By Jack Mayne
The Des Moines City Council recently voted to approve looking at the potential of having all the city’s police use body cameras along with software, cloud services and other backup.
Des Moines Police have purchased two body cameras for a three-month, or perhaps longer test, Police Chief Ken Thomas told the Council at its regular meeting on Dec. 1. The test was approved at the Dec. 2 regular Des Moines City Council Zoom meeting. The cameras will be operational during the test period, but will not be used for evidence in courts until the test period is completed, the chief said.
Estimated start up cost for the department is $45,000, which includes software, licensing, warranty, and supporting cloud storage, the Council was told,
Councilmember Harris lone objector
After an hour of discussion, Mayor Matt Pina moved to go forward with a six=month pilot program of the cameras and support, seconded by Councilmember Luisa Bangs. Councilmember JC Harris was the lone opponent, with all other members supporting a close look at the project and its costs for later discussion and decision.
City Manager Michael Matthias said the Council session considering body cameras was “such an important issue for the Council to consider the different elements of this.” He added that the department and the chief are “absolutely committed to accountability on all levels. I think it’s important to actually go forward with this discussion openly whether it is tonight or whatever point actually make a decision on how to proceed to understand that we have a phenomenal police department. We don’t get these types of complaints that happen elsewhere. I think we are one of the very few communities who had a peaceful protest and, to some degree, that was the function of the demeanor of our police department. It was also the engagement of Deputy Mayor Mahoney and Councilmember Bangs and others opening up the Marina parking lot so it appeared we were welcoming and just a lot of positive things about this community and how we respond.”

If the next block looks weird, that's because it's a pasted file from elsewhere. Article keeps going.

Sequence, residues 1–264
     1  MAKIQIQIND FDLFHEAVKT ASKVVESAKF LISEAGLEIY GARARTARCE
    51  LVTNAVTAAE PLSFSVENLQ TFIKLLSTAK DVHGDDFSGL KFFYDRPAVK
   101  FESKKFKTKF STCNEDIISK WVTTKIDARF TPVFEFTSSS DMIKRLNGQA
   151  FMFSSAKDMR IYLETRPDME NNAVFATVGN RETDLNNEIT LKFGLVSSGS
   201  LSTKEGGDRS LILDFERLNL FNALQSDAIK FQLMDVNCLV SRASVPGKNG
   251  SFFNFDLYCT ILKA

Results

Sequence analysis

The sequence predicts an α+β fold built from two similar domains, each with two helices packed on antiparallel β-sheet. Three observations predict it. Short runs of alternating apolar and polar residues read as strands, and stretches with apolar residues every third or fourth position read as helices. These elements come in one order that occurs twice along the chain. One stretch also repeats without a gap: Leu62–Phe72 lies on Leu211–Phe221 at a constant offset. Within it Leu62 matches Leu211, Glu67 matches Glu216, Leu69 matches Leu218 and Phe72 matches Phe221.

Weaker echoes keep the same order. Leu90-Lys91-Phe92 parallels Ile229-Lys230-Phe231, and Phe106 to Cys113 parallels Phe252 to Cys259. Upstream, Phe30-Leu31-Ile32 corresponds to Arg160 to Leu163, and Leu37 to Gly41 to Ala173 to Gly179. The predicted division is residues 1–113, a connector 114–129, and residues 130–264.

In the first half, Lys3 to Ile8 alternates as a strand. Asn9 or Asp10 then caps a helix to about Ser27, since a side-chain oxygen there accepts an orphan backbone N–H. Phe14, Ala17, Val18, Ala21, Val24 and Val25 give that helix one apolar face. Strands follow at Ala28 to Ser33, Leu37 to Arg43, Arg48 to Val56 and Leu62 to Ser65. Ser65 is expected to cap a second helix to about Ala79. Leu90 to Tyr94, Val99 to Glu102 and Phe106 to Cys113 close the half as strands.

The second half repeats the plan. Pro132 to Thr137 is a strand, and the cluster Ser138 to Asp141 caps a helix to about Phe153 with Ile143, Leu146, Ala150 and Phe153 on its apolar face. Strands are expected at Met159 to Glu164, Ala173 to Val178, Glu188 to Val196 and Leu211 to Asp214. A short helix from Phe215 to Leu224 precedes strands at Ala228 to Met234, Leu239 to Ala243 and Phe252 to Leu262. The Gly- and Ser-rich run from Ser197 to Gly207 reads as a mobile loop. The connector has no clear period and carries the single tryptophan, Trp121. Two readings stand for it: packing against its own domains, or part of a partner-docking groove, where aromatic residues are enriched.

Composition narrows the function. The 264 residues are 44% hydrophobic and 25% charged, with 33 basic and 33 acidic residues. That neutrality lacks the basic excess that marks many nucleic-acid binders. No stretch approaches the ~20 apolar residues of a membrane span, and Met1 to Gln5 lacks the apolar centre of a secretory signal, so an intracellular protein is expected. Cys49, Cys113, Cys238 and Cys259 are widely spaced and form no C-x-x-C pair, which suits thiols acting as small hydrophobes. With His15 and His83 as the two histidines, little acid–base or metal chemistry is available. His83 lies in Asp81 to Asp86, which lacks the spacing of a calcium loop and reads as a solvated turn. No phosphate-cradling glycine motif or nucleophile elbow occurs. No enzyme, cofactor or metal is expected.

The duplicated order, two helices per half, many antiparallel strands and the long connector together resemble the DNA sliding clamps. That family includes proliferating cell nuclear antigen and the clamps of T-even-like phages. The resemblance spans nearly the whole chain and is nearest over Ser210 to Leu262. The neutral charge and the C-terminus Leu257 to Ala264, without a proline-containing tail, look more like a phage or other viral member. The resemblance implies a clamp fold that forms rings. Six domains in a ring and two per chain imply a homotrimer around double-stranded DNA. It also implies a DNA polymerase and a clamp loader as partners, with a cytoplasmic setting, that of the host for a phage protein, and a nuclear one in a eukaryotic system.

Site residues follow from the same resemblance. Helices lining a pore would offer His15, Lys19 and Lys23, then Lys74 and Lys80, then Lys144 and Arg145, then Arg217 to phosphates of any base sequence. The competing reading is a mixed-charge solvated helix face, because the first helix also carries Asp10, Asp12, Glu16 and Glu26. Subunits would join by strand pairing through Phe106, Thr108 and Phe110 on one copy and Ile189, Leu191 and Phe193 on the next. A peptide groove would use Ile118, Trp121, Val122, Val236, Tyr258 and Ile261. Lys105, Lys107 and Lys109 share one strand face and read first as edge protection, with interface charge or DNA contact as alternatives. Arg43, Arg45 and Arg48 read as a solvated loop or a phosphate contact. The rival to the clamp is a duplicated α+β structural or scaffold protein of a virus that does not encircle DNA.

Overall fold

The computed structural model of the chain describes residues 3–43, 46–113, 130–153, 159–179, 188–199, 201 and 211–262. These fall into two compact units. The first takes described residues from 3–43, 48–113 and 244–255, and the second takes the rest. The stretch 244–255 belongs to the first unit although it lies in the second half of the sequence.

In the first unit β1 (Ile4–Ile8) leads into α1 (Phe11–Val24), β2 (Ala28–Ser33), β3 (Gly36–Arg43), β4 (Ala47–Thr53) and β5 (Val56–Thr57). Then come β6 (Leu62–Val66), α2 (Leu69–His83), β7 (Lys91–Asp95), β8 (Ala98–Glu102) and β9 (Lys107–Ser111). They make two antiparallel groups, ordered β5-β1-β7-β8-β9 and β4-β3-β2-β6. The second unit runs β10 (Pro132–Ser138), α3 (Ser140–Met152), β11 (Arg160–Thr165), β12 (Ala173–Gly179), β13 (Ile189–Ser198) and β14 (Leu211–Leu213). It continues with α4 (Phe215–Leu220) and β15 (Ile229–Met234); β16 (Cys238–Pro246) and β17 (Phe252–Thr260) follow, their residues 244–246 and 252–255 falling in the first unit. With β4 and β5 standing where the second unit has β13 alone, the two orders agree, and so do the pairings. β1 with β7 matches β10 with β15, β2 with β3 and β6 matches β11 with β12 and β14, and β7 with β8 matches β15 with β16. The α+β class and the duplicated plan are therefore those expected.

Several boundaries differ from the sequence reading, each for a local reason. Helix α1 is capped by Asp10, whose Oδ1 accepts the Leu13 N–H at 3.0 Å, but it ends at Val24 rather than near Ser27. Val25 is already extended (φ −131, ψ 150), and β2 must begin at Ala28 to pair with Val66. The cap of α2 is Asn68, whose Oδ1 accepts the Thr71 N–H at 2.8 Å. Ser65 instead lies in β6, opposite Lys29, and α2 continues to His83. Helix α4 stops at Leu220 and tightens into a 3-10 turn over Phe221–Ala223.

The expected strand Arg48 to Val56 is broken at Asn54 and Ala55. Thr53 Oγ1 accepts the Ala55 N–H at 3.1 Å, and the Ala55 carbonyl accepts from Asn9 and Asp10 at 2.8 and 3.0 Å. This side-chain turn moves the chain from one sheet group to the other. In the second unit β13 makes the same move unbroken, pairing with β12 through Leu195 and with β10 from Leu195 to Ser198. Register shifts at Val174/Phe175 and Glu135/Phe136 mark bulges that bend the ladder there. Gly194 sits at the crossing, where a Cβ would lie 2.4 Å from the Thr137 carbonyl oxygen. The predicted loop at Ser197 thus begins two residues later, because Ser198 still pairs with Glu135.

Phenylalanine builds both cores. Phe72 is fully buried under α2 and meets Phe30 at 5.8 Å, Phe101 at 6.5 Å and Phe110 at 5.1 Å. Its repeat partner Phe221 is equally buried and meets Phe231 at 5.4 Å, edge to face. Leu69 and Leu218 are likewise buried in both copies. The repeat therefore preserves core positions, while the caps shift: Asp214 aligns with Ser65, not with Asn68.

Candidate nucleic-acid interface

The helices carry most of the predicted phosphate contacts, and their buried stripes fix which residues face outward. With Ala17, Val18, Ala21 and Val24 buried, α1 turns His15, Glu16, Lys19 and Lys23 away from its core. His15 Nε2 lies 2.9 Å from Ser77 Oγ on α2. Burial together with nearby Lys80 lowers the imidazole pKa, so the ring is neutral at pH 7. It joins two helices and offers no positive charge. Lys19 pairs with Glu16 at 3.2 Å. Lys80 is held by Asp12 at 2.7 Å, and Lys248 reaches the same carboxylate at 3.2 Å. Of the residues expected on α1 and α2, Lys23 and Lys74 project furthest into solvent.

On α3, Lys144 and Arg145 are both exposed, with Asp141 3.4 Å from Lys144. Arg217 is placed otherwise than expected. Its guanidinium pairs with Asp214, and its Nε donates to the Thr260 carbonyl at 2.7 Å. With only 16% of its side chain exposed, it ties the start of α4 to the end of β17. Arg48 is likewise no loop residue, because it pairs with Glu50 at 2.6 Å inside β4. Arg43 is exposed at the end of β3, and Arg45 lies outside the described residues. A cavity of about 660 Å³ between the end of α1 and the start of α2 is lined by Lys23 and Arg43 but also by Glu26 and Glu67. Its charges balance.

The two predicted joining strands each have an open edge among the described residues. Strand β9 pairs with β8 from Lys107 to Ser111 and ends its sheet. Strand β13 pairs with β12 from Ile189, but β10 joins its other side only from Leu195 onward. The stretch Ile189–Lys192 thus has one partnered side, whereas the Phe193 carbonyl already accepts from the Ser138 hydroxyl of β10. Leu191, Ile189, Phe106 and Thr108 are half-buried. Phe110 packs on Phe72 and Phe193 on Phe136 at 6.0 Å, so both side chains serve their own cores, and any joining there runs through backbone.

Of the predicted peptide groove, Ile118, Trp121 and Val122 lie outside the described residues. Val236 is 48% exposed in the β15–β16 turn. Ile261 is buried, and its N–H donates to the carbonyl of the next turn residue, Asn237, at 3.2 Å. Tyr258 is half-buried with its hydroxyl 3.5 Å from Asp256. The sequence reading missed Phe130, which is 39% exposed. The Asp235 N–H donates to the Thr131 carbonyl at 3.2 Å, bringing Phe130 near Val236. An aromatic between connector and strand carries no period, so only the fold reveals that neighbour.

City staff training
He said the city should “go forward in a manner of consensus,” understanding the value of the body cameras, understanding the value of perhaps it could enhance public trust. Council was told certain legal and privacy issues would be redacted from a video sought by outside counsel for legal cases when, for instance, attorney’s want the video for a later legal case. City staff would be trained for such activities and eh chief said he would seek one civilian person to hand redactions.
Police Commander Mike Graddon noted the city has used car cameras for about 20 years along with other cameras, plus those in the police interview rooms where besides video, these is audio recorded. Currently there are three cameras in every car. One is a panoramic camera that captures out to the side, a forward camera as well as a camera capturing the view of a prisoner in the back seat.
In a year Graddon said the department had about 25,000 interactions with the population of the city, which includes just over 32,000 people. In the past year there were no complaints concerning the use of force. The cameras show the department is transparent in its actions, he added.
He said the perceived benefits of the body cameras will mean greater accuracy “during event reviews,” enhanced complain documentation and “liability mitigation” plus the cameras could “enhance community trust” and permit “stronger evidence collection.”